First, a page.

Brick & Wonder Profile – Gaia Nodari
Gaia Nodari hails from Bergamo, a town outside Milan in Northern Italy, close to the border with Switzerland. Her aesthetic derives influence from the clean lines of contemporary Milanese furniture, and from the warm materiality and wabi-sabi philosophy of Japan. We sat down with Gaia to hear her story.
Tell us a little about who you are today.
Most people know me as Gaia Nodari Design, but I’m also part of Northerners Collective, a furniture company I co-founded with Luca Capurso. Typically, my work day is split between these two companies, and the two different processes of selling furniture and doing design projects for clients. I have been growing both and learning from both.
My background is in interior design, working with architects and designers, typically in collaborations where I have freelanced, and about a year ago I set up my own design studio.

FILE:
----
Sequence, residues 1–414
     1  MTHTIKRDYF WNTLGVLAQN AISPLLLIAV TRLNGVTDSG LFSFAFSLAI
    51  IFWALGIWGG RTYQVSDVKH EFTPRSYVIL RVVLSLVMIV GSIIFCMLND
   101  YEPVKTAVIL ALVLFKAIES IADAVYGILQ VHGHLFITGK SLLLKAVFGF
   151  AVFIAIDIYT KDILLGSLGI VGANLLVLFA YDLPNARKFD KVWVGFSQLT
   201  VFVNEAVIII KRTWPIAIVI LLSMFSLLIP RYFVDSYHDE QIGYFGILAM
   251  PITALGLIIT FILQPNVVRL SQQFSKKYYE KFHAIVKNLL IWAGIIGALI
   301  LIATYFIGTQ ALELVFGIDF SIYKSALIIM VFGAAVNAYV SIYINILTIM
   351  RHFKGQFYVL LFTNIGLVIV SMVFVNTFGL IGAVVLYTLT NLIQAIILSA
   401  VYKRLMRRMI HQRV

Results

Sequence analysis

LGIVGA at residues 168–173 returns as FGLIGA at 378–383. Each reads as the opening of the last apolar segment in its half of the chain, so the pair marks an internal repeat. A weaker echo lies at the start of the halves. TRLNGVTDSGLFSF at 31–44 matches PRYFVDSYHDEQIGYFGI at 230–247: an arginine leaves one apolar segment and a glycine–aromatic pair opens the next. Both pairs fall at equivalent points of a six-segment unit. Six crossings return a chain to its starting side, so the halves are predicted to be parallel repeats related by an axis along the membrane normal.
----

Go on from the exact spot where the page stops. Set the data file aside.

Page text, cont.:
Renovation projects are the work I most love to do, working alongside an architect. My family owns a construction company, so I grew up with my father on building sites, watching walls being demolished. I studied interior design, but I’ve generally found myself doing more architectural projects.
What first inspired you to enter the world of design?
I was inspired by my family business. Construction is not design, but the two are related. My father does very high-end hotel renovations around Italy and Europe. He is 68 and he’s still running around as if he’s 40! I was inspired by his expansive access to culture and interesting places, but there was something that didn’t really connect with me about construction. It was a lot of work and effort he put into his business – a lot of responsibility for execution. But there was something I really loved about starting from an idea and making the building happen. So, I knew I wanted to be in this world, but more on the ideas side.